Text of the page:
The Iraqi Army’s Alamo: Standoff in Tikrit
Since Tikrit fell to ISIS forces in early June, recapturing the city—Saddam Hussein’s hometown—has been a centerpiece of the Iraqi Army’s campaign. But despite Baghdad’s efforts, pouring soldiers and resources into the battle there, the fighting has dragged on for weeks with only fleeting gains. At stake in Sunni-dominated Tirkit is the Iraqi government’s ability to defeat ISIS and retake the country. So far they have little to show for their efforts.
The outcome in Tikrit will be profound but following the course of the battle there is exceptionally difficult. Even determining whether it’s the Iraqi Army or ISIS that controls the city at any given time, can be a fraught and labored process.
Adding to the fog of war here, there is a blizzard of propaganda that falls in thick sheets from government and ISIS sources alike.
On Friday, multiple news reports claimed that ISIS had won a major victory, seizing control of a vital army base outside of Tikrit and killing or capturing the hundreds of soldiers stationed there. If true, ISIS’s capture of Camp Speicher would signal a crucial turning point in the battle for the city and a humiliating setback for the Iraqi Army.
But the reports are false according to multiple Iraqi sources, who say Speicher was attacked on Friday but that ISIS never entered the base. According to an Iraqi Army soldier, who said he is currently stationed at the base: “Ten suicide bombers tried to blow themselves up at the gate so 15 more ISIS fighters in support could enter the base but we killed all of them. Only one Iraqi soldier was killed.”
By phone on Saturday the Iraqi soldier said he was speaking from inside the base. “Yes, I am here at Speicher now,” he said, “the army is still here, we never left.” A member of the Golden Division, a special unit founded to guard Hussein, the soldier said that he has been stationed at Speicher for the last 20 days. ISIS attacks on the base are a regular occurrence he said, and Friday’s was not especially devastating. “It’s just ISIS rumors,” he said, referring to the group’s claims that it seized the base.
A second source, a translator, spoke with a friend living on the base on Saturday, a day after Speicher was supposedly overrun. “I talked to him a half hour ago,” he said “it’s absolutely under the control of the Iraqi Army. There are about 2,000 soldiers inside the base.” Those soldiers, he said, included volunteers from Shia militia like the Peace Brigades and Asaib Ahl al-Haq, alongside the regular army.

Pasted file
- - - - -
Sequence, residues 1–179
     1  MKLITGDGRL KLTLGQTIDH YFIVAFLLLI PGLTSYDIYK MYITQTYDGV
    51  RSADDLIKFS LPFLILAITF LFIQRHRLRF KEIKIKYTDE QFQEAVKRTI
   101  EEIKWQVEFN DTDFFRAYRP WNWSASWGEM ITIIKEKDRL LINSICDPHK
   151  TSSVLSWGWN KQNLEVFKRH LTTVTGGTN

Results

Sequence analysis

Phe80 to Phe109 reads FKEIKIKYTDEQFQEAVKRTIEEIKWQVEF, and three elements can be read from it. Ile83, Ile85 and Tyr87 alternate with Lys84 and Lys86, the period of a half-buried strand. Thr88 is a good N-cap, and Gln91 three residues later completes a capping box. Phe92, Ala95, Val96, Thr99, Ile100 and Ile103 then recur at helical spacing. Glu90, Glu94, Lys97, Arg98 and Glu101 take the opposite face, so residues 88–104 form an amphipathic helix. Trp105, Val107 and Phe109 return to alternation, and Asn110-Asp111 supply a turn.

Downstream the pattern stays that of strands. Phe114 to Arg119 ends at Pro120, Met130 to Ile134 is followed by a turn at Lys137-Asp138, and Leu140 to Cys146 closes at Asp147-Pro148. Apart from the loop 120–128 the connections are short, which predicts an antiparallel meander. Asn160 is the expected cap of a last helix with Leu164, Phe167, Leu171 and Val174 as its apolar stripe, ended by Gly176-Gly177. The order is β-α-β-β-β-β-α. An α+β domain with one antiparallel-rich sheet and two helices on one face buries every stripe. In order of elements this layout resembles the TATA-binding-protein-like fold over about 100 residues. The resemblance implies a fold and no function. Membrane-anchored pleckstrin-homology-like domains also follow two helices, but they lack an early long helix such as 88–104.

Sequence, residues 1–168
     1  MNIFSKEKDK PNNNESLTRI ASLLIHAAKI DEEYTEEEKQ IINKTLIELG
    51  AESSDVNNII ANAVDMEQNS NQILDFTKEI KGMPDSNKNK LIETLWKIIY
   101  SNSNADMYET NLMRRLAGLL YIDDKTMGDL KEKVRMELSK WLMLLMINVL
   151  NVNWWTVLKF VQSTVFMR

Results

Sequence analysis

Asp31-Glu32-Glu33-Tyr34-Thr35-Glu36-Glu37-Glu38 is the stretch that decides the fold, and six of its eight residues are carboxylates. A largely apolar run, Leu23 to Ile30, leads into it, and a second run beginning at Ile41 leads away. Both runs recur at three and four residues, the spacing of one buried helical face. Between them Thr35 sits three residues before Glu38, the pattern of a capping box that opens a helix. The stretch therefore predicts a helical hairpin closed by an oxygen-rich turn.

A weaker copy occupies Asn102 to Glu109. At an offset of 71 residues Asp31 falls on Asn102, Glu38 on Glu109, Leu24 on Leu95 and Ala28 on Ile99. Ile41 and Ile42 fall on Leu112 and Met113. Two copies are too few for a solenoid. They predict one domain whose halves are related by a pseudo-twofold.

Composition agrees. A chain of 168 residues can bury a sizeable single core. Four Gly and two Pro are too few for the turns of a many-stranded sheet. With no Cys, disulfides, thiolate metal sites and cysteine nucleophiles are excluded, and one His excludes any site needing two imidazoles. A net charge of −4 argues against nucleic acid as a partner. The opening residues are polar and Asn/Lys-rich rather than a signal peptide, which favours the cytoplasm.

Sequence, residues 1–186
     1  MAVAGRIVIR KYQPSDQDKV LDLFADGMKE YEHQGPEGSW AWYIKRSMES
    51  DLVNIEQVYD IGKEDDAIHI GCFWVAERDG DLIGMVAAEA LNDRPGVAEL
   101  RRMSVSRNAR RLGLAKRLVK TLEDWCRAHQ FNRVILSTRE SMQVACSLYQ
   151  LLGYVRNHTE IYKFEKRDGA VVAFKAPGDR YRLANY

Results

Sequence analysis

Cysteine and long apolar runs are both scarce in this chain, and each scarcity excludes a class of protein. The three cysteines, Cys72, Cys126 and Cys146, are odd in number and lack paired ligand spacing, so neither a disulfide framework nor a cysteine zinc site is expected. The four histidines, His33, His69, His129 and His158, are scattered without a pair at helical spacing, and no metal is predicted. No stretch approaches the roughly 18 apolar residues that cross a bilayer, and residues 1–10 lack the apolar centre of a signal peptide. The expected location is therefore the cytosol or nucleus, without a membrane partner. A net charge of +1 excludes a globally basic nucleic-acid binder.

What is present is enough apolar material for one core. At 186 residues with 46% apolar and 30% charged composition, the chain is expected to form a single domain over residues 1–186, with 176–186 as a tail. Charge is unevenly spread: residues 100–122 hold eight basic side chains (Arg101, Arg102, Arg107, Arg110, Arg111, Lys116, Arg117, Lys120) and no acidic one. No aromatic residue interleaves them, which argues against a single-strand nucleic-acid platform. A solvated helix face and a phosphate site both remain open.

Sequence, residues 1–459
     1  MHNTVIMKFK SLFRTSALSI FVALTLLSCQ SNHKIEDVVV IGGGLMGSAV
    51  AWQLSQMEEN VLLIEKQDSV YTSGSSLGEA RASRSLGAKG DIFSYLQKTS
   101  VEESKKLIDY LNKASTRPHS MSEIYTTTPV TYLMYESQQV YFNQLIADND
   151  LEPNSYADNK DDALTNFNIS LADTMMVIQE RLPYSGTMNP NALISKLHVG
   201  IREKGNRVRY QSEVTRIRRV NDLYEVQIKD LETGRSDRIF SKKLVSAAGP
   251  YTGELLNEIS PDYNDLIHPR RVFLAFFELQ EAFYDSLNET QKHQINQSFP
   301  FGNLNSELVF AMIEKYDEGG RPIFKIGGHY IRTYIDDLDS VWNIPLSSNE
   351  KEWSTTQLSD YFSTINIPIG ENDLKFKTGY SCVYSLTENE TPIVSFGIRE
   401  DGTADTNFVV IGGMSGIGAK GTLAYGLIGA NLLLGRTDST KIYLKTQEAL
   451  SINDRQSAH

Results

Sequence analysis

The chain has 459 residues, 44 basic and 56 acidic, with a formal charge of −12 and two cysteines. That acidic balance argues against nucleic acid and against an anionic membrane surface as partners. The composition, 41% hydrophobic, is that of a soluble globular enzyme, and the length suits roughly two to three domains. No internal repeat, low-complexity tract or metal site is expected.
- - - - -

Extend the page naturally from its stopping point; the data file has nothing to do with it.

A high-ranking officer in Baghdad’s military operations center said only that “Speicher is under the control of the army and the volunteers. ISIS never entered the base.” He declined to discuss further what he said were classified matters relating to the base’s defense.
Without being inside Speicher or peering above the base’s walls, it is impossible to say for sure who controls it. But one clue that ISIS has not taken it over is the lack of documentation on their social media accounts. If ISIS had really killed hundreds of Iraqi soldiers, destroyed army helicopters, and captured a major base, as they claim, the Twitter-obsessed group would likely be tweeting the evidence and basking in the images of carnage. So far, this hasn’t materialized.
Speicher may not have been overrun but that’s hardly a victory for the Iraqi Army or a sign that things are going well for them in Tikrit.
As the Beast’s Andrew Slater reported in June, Tikrit was first abandoned by the army before they decided to come back and retake it. “In a province with tens of thousands of Iraq Security Forces,” Slater wrote, “Tikrit, the provincial capital, was seized without a fight.”
In early June, when an ISIS force of only 30 unarmored vehicles chased thousands of security forces out of Tikrit, Speicher was the one key piece of terrain the army held onto in the area. And while ISIS hasn’t taken it yet, the military concedes that the base is under constant attack and threatened with losing its main supply line if ISIS cuts off the main highway that runs north from Baghdad.
Meanwhile, the Iraqi government touts victories in Tirkit on a steady basis while ISIS regularly claims to have slaughtered government forces and taken control of the city. The truth seems closer to a deadlock. The Iraqi Army has the manpower and weaponry to defeat ISIS in open skirmishes but is often fighting from a defense. While the army tries to retake Tikrit, it’s forced to counterattack and hold its ground against an enemy that likes to ambush and then fade away into the sympathetic or cowed elements among the local population.
Nothing so far has broken this stalemate. The addition of thousands of new volunteers to the Iraqi Army, many of them belonging to Shia militias, has not changed the situation. Sectarian loyalties aside, the volunteers have little training and are no match for their ISIS counterparts, experienced fighters and veterans of past battles in Syria and Iraq.
The army’s inability to control the territory around Tikrit gives ISIS more time to consolidate its gains in Iraq’s northern regions, and makes the prospect of their eventual recapture that much grimmer for Baghdad. For now, it seems that no one fully controls Tikrit, and the city remains a battlefield.